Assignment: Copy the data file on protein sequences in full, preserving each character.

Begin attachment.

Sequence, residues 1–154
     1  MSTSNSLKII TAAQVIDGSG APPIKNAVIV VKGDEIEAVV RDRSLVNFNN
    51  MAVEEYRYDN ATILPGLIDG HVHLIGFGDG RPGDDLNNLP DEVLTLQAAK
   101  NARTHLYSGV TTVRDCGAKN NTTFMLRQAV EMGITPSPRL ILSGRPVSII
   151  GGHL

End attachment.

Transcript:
Sequence, residues 1–154
     1  MSTSNSLKII TAAQVIDGSG APPIKNAVIV VKGDEIEAVV RDRSLVNFNN
    51  MAVEEYRYDN ATILPGLIDG HVHLIGFGDG RPGDDLNNLP DEVLTLQAAK
   101  NARTHLYSGV TTVRDCGAKN NTTFMLRQAV EMGITPSPRL ILSGRPVSII
   151  GGHL